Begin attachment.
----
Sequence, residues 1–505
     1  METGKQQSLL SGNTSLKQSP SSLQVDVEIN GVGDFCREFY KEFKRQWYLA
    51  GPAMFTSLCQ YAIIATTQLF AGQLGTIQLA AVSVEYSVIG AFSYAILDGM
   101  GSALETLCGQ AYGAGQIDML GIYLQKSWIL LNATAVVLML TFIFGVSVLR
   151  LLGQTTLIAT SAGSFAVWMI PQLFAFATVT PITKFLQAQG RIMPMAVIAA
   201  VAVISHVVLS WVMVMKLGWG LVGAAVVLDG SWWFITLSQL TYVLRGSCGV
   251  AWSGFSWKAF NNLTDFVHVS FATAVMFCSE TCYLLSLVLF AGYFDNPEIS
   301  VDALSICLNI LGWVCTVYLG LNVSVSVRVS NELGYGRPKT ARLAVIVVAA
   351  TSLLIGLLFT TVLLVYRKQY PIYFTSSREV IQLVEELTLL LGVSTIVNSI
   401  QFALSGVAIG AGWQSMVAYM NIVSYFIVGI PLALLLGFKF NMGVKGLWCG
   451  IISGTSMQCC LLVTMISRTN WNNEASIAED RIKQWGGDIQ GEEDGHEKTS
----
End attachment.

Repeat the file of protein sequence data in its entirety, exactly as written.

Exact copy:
Sequence, residues 1–505
     1  METGKQQSLL SGNTSLKQSP SSLQVDVEIN GVGDFCREFY KEFKRQWYLA
    51  GPAMFTSLCQ YAIIATTQLF AGQLGTIQLA AVSVEYSVIG AFSYAILDGM
   101  GSALETLCGQ AYGAGQIDML GIYLQKSWIL LNATAVVLML TFIFGVSVLR
   151  LLGQTTLIAT SAGSFAVWMI PQLFAFATVT PITKFLQAQG RIMPMAVIAA
   201  VAVISHVVLS WVMVMKLGWG LVGAAVVLDG SWWFITLSQL TYVLRGSCGV
   251  AWSGFSWKAF NNLTDFVHVS FATAVMFCSE TCYLLSLVLF AGYFDNPEIS
   301  VDALSICLNI LGWVCTVYLG LNVSVSVRVS NELGYGRPKT ARLAVIVVAA
   351  TSLLIGLLFT TVLLVYRKQY PIYFTSSREV IQLVEELTLL LGVSTIVNSI
   401  QFALSGVAIG AGWQSMVAYM NIVSYFIVGI PLALLLGFKF NMGVKGLWCG
   451  IISGTSMQCC LLVTMISRTN WNNEASIAED RIKQWGGDIQ GEEDGHEKTS